Three years ago, first it was like a shock for me when I heard of that story. I didn’t want to believe it. The (German) world of musicologists kept it for not plausible, classified her as a bad slander. Me also I was sceptic. I ´m talking of the unbelievable story of Hans Heinrich Eggebrecht, one of the most important German musicologist of the post-war period. Eggebrecht was esposed as a Nazi. Not just any old Nazi but a rampant enthusiast who took part in a massacre of Jews at Sinferopol in the Crimea peninsula.
According to his biographer Boris van Haken (click) who recently published the facts in a book “Holocaust und Musikwissenschaft” (Holocaust and musicology), the famous musicologist belonged to the Feldgendarmerie division 683 which committed horrific murders in the Crimean peninsula. The very informing essay of the American historian Anne C. Sheffler has the title:
„The Case of Hans Heinrich Eggebrecht: The Moral Dilemma of a Tainted Past“ . And the British commentator on music Norman Lebrecht sees in the German musicologist „The mass murderer who loved Mahler“.
In December 1941 this unity of the German Wehrmacht was responsible to the mass execution of 14 000.Jews, children, women, men. The German historian Ulrich Herbert stated that “this unity of the German Wehrmacht tightly belonged to one of the most terrible gangs of killers of history”. Who was H. H. Eggebrecht?
Hans Heinrich Eggebrecht was one of the most important musicologists of Germany. I used his books as a reliable adviser for my understanding of classical music again and again. He wrote innumerable music reviews in any great German newspaper. His books served me also for a deeper understanding of Wagner’s music revolution writing on my novel “Hitler ´s Parsifal”.
Hans Heinrich Eggebrecht made a carreer not quite untypical for many Germans in that time. He was born on 5 January 1919, and grew up in a small village in the Thuringian Forest. He completed his Abitur, the German school leaving exams in 1937. In the winter semester of 1937/38 he began his teaching studies and on day one he signed up with the Nazi-German-Students-League. He was also a member of the Hitler Youth beyond the obligatory period. In 1939 he was drafted into the Wehrmacht. Three month later he was a soldier in a Feldgendarmerie unit which was involved in murdering Jews. For years after the End of the war he started his university career on the basis of false biographical information. Many Germans did so like the Nobel Prize winner Günter Grass who only decades after the war told to the public that he was a member of the SS as a young man. Eggebrecht died in 1999 as a P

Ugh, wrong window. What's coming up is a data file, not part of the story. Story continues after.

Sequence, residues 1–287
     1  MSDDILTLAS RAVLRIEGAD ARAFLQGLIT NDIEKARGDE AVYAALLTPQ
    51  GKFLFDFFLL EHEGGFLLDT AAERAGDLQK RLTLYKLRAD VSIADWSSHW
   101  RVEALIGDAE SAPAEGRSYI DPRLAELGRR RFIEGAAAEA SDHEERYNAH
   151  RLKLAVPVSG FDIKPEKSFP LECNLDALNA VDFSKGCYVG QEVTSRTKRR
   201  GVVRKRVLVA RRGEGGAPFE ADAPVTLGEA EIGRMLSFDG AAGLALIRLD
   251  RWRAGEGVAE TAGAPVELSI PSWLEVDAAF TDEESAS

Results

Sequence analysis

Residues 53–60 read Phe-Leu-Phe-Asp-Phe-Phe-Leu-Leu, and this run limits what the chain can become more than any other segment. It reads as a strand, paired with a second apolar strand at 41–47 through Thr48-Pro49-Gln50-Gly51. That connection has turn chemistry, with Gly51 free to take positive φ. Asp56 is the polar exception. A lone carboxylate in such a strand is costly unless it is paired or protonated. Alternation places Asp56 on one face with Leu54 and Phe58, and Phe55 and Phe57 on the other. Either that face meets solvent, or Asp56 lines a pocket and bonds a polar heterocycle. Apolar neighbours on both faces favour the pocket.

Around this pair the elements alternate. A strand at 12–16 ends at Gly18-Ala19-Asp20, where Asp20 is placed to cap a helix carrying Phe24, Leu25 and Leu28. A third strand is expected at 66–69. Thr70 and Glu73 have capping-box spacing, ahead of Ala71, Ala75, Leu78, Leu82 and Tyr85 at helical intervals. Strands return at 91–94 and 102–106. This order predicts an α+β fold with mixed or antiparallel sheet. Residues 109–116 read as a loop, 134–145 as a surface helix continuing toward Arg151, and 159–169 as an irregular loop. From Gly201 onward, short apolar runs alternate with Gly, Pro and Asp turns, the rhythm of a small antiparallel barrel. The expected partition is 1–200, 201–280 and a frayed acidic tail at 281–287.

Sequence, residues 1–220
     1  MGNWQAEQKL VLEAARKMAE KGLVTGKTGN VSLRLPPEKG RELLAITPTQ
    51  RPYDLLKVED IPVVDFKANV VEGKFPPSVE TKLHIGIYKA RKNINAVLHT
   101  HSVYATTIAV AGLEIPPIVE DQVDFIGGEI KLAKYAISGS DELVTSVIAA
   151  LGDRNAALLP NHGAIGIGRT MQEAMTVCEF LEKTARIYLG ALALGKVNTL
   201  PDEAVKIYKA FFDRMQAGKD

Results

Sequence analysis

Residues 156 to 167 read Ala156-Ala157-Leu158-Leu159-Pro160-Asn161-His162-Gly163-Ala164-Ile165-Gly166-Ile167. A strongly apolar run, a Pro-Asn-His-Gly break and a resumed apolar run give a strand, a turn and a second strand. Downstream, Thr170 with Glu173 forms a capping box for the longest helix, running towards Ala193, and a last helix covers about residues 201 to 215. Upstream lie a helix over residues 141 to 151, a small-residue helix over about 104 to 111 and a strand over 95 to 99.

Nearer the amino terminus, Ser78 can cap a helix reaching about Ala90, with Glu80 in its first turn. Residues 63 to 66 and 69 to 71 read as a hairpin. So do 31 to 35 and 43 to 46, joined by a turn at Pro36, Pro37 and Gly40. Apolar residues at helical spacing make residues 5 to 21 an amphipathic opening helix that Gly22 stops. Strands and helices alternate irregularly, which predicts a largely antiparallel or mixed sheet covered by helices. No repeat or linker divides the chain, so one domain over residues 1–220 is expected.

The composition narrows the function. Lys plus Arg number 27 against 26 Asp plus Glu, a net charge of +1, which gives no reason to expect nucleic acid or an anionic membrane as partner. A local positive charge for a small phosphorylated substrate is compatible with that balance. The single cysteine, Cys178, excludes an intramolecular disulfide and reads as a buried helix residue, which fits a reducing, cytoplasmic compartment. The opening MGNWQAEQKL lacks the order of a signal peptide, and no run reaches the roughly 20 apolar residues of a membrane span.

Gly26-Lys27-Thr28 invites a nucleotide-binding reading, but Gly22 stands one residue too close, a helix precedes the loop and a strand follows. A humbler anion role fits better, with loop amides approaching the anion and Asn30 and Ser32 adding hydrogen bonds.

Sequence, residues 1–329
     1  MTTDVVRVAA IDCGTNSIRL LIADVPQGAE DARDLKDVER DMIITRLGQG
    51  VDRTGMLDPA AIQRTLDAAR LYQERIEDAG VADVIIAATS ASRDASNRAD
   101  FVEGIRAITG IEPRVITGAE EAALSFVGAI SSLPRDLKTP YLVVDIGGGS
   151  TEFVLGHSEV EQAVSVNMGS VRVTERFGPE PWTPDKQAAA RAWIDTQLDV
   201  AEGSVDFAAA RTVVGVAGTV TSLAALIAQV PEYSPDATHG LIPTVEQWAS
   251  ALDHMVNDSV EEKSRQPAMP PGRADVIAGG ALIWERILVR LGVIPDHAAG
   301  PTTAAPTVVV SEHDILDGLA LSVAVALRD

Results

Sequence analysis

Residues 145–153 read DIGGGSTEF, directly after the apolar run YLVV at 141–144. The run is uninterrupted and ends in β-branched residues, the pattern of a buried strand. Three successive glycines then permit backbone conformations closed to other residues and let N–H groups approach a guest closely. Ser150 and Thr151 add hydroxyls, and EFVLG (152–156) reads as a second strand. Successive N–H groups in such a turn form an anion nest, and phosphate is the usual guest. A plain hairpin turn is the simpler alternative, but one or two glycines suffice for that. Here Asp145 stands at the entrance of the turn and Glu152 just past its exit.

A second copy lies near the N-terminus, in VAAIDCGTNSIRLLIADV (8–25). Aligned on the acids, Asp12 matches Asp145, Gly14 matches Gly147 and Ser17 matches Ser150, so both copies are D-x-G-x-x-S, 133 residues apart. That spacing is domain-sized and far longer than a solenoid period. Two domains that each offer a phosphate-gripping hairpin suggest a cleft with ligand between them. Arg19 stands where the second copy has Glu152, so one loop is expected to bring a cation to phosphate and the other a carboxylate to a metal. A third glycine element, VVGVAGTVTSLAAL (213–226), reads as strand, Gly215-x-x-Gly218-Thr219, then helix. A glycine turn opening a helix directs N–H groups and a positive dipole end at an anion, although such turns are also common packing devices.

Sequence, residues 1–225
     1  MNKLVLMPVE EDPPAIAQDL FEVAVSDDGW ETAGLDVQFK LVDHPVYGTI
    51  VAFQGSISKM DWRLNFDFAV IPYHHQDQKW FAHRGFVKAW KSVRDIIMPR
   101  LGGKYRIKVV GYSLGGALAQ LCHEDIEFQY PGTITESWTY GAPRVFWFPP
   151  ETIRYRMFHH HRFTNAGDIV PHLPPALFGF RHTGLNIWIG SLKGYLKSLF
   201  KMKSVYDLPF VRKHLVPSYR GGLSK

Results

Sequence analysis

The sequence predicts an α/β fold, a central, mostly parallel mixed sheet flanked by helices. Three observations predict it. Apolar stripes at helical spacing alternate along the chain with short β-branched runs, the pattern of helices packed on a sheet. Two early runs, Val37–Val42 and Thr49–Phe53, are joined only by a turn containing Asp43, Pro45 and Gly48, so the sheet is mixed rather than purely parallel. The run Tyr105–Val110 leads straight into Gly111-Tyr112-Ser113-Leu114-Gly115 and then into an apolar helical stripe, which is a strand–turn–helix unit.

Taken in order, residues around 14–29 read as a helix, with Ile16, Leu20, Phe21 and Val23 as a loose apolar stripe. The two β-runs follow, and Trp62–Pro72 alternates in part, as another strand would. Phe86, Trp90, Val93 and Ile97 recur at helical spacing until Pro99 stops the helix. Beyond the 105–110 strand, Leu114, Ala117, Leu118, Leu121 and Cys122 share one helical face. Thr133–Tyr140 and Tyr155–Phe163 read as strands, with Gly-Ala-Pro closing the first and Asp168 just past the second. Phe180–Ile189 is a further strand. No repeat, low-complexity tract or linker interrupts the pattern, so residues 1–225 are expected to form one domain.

Eggebrecht ´s father, and that is quite astonishing, was an prominent army chaplain in the First World War. He had been a far-right sympathizer even in the Weimar Republic. Like many other Protestant pastors he joined the Nazi -close “German Christian Movement” in 1933. Quite understandable that his son Hans Heinrich Eggebrecht was also quick to involve himself in the Nazi movement.
We all know quite well that the enthusiasm for classical music, for Mozart, Beethoven and also Wagner, for cultural heritage at all, cannot avert inhuman ideas and actions. Richard of Wagner is an bad example because of his aggressive anti-Semitism which the Nazis have exploited for their brutal racial ideology.. A great part of the German and European well educated bourgeoisie have followed them enthusiastically.
Almost all German musicologists who reacted to the case Eggebrecht have doubts about the seriousness of von Haken`s uncovering. So the Hamburg musicologists, Claudia Maurer Zenck and Friedrich Geiger in their publications in. spring 2010. Christopher R. Browning, famous holocaust researcher and author the book “Ganz normale Mörder (quite normal murderer), the reserve police battalion 101”. He comes to the end that their researches evade the critical questions and have purely apologetic character. You can read that in the American German study Review, the worldwide best scientific magazine for researches to history, culture and politics in the German-speaking area.
Gört Aly, the respected German holocaust researcher confirms these verdict: Eggebrecht must actually have taken part in mass shootings. Unbelievable but true! I still devote my attention to this story. Nevertheless, the one crucial question remains: how it is possible that a man, a musician, being familiar with the music of Bach, Mozart and Beethoven, with their deep sensibilities of human affections – how it is possible that such a human being is able to shoot innocent children, women and men?
Hans Heinrich Eggebrecht, Professor of Musicology at the University of Freiburg, died – highly respected – in 1999.
The commemoration of Simferopol Jews